GalacticShonen t1_j1ofqb9 wrote

It totally is a simplification but its a framework that works. Birds making the sound are still an "artist", or specifically from a cognitive science perspective, an agent that produces or modifies the stimulus.

Those artists using random sounds are still an agent putting intention into a stimulus through its presentation.

There doesn't need to be a separation between "artist" and "audience" either. By observing a stimulus, you yourself modify the perception of the stimulus through a psychological phenomena known as predictive processing.

One of my research areas is in music psychology, just my 2 cents. Definitely an interesting discussion


GalacticShonen t1_iw3b72c wrote

That last link is still just an article about a study, where is the actual paper? It doesn't make any mention of music. They only tested 12 people, and they were all men? That's a very small and not diverse sample size. They mention melody in quotes to describe the tonal variance between male and female voices but that is not what melody means. It's hard to say exactly what the author meant when i can't find the actual published paper making me question if it was peer reviewed to begin with.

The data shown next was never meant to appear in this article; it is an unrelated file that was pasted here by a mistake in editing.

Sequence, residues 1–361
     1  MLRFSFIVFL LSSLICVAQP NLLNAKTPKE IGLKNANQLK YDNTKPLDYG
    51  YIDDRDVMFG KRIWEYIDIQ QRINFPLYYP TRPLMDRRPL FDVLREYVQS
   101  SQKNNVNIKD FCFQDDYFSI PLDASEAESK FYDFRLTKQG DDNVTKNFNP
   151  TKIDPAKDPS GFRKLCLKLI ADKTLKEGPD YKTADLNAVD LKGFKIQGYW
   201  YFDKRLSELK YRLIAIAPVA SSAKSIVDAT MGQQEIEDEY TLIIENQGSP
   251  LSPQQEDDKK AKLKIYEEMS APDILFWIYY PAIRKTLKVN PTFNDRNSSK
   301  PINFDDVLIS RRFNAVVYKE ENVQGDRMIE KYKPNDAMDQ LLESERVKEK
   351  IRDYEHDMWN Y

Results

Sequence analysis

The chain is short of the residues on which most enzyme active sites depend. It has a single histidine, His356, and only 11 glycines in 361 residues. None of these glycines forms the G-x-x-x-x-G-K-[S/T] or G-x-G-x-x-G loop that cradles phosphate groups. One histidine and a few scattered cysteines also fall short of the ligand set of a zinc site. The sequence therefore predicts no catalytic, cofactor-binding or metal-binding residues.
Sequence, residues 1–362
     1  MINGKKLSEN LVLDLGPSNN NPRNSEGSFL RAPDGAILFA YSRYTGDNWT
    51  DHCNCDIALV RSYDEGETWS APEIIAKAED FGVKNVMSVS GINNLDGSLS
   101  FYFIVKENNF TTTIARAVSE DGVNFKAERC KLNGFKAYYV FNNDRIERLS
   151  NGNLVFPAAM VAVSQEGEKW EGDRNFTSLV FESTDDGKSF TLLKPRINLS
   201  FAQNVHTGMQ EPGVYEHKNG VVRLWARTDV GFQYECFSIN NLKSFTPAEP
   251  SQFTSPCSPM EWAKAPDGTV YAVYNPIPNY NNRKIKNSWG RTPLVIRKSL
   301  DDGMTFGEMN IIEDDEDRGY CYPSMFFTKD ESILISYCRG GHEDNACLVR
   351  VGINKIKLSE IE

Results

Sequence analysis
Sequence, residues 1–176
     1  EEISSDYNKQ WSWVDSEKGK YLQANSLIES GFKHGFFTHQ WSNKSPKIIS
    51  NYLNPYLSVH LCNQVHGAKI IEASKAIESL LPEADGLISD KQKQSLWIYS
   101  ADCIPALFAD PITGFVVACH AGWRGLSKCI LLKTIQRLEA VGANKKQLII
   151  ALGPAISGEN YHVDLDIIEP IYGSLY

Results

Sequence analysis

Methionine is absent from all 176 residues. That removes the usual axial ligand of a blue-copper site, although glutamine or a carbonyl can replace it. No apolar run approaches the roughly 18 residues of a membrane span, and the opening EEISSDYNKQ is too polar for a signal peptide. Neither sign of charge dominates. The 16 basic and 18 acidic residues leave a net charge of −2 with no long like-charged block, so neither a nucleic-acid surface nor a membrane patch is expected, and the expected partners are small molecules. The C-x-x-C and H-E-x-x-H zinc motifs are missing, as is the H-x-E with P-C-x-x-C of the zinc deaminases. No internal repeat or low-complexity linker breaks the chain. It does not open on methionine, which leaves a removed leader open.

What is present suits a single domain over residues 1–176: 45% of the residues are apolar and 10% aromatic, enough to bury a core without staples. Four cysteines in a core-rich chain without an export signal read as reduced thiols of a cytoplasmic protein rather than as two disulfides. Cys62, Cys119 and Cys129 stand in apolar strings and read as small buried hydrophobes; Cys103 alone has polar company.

And to clear up any confusion, music and language have overlapping cognitive resources as music is suggested to be a precursor form of communication for our species.